References: (click for full references)

Armbruster, J.W., and L.M. Page. 2006. Redescription of Pterygoplichthys punctatus and description of a new species of Pterygoplichthys (Siluriformes: Loricariidae). Neotropical Ichthyology 4(4):401-409. http://dx.doi.org/10.1590/S1679-62252006000400003.

Brean, H. 2004. Habitattitude campaign: Fish stories have bad endings. Las Vegas Review Journal. September 27, 2004.

Brean, H. 2013. Discarded, non-native fish find home in Clark County waterways. Las Vegas Review-Journal. Las Vegas, NV. http://www.reviewjournal.com/news/nevada-and-west/discarded-non-native-fish-find-home-clark-county-waterways. Created on 03/17/2013. Accessed on 09/16/2013.

Capps, K.A., L.G. Nico, M. Mendoza-Carranza, W. Arévlo-Frías, A.J. Ropicki, S.A. Heilpern, and R. Rodiles-Hernández. 2011. Salinity tolerance of non-native suckermouth armoured catfish (Loricariidae: Pterygoplichthys) in south-eastern Mexico: implications for invasion and dispersal. Aquatic Conservtion: Marine and Freshwater Ecosystems 21:528-540.

Champeau, T.R., P.W. Stevens, and D.A. Blewett. 2009. Comparison of fish community metrics to assess long-term changes and hurricane impacts at Peace River, Florida. Biological Sciences 72(4):289-309.

Dutka-Gianelli, J., D. Tremain, and R. Paperno. 2009. Fish assemblages in tidal and non-tidal freshwater tributaries of the Indian River Lagoon. Final report for Florida Fish and Wildlife Conservation Commission Project SWG06-010. Florida Fish and Wildlife Conservation Commission. Tallahassee, FL.

Gibbs, M., T. Futral, M. Mallinger, D. Martin, and M. Ross. 2010. Disturbance of the Florida manatee by an invasive catfish. Southeastern Naturalist 9:635-648.

Idelberger, C.F., C.J. Stafford, and S.E. Erickson. 2011. Distribution and abundance of introduced fishes in Florida’s Charlotte Harbor estuary. Gulf and Caribbean Research 23:13-22.

Nico, L.G. 2010. Nocturnal and diurnal activity of armored suckermouth catfish (Loricariidae: Pterygoplichthys) associated with wintering Florida manatees (Trichechus manatus latirostris). Neotropical Ichthyology 8(4):893-898. http://www.scielo.br/pdf/ni/v8n4/aop1610.pdf.

Nico, L.G., P.L. Butt, G.R. Johnston, H.L. Jelks, M. Kail, and S.J. Walsh. 2012. Discovery of South American suckermouth armored catfishes (Loricariidae, Pterygoplichthys spp.) in the Santa Fe River drainage, Suwanee River basin, USA. BioInvasions Records 1(3):179-200. http://www.reabic.net/journals/bir/2012/3/BIR_2012_3_Nico_etal.pdf.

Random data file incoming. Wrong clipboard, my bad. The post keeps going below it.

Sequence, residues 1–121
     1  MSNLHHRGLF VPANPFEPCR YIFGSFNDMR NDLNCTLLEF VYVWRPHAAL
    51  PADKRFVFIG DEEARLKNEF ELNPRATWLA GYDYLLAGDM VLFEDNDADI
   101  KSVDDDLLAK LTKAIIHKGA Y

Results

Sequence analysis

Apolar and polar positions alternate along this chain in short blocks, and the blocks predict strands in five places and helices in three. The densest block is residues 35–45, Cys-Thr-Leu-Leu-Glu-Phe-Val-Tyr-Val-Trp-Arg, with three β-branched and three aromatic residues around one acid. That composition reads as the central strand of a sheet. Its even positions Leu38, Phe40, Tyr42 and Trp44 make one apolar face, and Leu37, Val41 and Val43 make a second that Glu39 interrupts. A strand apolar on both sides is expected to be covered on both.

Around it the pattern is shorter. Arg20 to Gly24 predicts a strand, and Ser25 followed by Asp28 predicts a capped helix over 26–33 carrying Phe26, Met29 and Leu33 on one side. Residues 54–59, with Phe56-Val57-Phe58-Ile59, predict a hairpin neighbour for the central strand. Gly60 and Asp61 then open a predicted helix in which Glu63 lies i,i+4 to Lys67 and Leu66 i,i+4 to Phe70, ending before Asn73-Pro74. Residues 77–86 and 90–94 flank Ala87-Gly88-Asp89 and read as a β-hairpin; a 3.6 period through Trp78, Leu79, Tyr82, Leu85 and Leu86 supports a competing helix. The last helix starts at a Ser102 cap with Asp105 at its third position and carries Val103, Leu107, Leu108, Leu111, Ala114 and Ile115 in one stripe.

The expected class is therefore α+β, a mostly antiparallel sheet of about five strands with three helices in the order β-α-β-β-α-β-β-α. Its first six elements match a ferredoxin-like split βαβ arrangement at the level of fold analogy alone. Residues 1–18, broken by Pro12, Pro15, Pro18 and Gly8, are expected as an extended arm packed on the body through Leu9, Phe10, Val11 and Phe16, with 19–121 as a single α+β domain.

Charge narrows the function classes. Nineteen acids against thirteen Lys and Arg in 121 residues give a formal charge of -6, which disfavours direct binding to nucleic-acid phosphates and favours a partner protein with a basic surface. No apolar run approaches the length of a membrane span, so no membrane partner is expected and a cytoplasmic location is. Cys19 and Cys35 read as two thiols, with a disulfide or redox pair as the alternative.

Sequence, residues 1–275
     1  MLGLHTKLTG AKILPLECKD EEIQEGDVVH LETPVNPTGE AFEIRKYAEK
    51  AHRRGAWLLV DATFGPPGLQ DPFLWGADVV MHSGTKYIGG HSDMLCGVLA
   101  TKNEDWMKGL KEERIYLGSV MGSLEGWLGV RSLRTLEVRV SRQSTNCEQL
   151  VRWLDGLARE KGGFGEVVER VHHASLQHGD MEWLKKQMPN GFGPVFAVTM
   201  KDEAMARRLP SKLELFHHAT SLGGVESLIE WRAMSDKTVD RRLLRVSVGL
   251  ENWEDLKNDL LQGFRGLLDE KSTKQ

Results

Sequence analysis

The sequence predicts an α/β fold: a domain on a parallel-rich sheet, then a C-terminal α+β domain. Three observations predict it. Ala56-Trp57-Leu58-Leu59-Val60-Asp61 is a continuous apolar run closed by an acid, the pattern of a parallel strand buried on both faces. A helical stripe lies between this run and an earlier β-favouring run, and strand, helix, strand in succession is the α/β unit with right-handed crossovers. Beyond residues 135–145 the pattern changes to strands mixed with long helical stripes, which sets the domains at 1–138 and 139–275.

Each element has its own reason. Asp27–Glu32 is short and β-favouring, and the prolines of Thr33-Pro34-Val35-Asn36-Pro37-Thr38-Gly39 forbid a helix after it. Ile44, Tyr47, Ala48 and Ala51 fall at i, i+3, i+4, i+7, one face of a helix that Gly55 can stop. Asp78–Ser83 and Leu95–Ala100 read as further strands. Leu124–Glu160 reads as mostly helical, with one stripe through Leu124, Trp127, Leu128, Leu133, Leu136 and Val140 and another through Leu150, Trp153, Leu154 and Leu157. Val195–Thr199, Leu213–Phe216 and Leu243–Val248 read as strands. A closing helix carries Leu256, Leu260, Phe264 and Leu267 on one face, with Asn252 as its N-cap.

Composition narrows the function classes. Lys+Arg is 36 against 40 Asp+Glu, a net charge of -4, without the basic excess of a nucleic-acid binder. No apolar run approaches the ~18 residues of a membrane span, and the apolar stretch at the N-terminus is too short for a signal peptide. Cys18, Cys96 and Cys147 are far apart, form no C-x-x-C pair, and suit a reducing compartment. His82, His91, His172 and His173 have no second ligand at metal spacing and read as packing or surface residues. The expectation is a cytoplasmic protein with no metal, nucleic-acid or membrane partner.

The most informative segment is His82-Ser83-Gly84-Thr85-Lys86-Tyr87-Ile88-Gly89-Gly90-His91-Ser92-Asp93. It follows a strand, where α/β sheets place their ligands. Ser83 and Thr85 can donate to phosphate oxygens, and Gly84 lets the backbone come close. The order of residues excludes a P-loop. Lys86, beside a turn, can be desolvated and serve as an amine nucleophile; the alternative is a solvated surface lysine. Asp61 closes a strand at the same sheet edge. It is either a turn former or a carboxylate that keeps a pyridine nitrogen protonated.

Nico, L.G., H.L. Jelks, and T. Tuten. 2009. Non-native suckermouth armored catfishes in Florida: description of nest burrows and burrow colonies with assessment of shoreline conditions. Aquatic Nuisance Species Research Program Bulletin 9(1): 1-30.

Nico, L.G., W.F. Loftus, and J.P. Reid. 2009. Interactions between non-native armored suckermouth catfish (Loricariidae: Pterygoplichthys) and native Florida manatee (Trichechus manatus latirostris) in artesian springs. Aquatic Invasions 4(3):511-519. http://www.aquaticinvasions.net/2009/AI_2009_4_3_Nico_etal.pdf.


Other Resources:
Suckermouth catfishes: threat to aquatic ecosystems of the United States.  Army Corps of Engineers

Fact Sheet for Pterygoplichthys anisitsi - USGS Nonindigenous Aquatic Species Database

Fact Sheet for Pterygoplichthys disjunctivus - USGS Nonindigenous Aquatic Species Database

Fact Sheet for Pterygoplichthys multiradiatus - USGS Nonindigenous Aquatic Species Database

Fact Sheet for Pterygoplichthys pardalis - USGS Nonindigenous Aquatic Species Database

Author: Matt Neilson, and Matt Cannister

Revision Date: 5/9/2019

Peer Review Date: 10/21/2013

Citation Information:
Matt Neilson, and Matt Cannister, 2021, Pterygoplichthys sp.: U.S. Geological Survey, Nonindigenous Aquatic Species Database, Gainesville, FL, https://nas.er.usgs.gov/queries/FactSheet.aspx?SpeciesID=770, Revision Date: 5/9/2019, Peer Review Date: 10/21/2013, Access Date: 10/21/2021

This information is preliminary or provisional and is subject to revision. It is being provided to meet the need for timely best science. The information has not received final approval by the U.S. Geological Survey (USGS) and is provided on the condition that neither the USGS nor the U.S. Government shall be held liable for any damages resulting from the authorized or unauthorized use of the information.


The data represented on this site vary in accuracy, scale, completeness, extent of coverage and origin. It is the user's responsibility to use these data consistent with their intended purpose and within stated limitations. We highly recommend reviewing metadata files prior to interpreting these data.

Citation information: U.S. Geological Survey. [2021]. Nonindigenous Aquatic Species Database. Gainesville, Florida. Accessed [10/21/2021].

Contact us if you are using data from this site for a publication to make sure the data are being used appropriately and for potential co-authorship if warranted. For queries involving fish, please contact Matthew Neilson. For queries involving invertebrates, contact Amy Benson.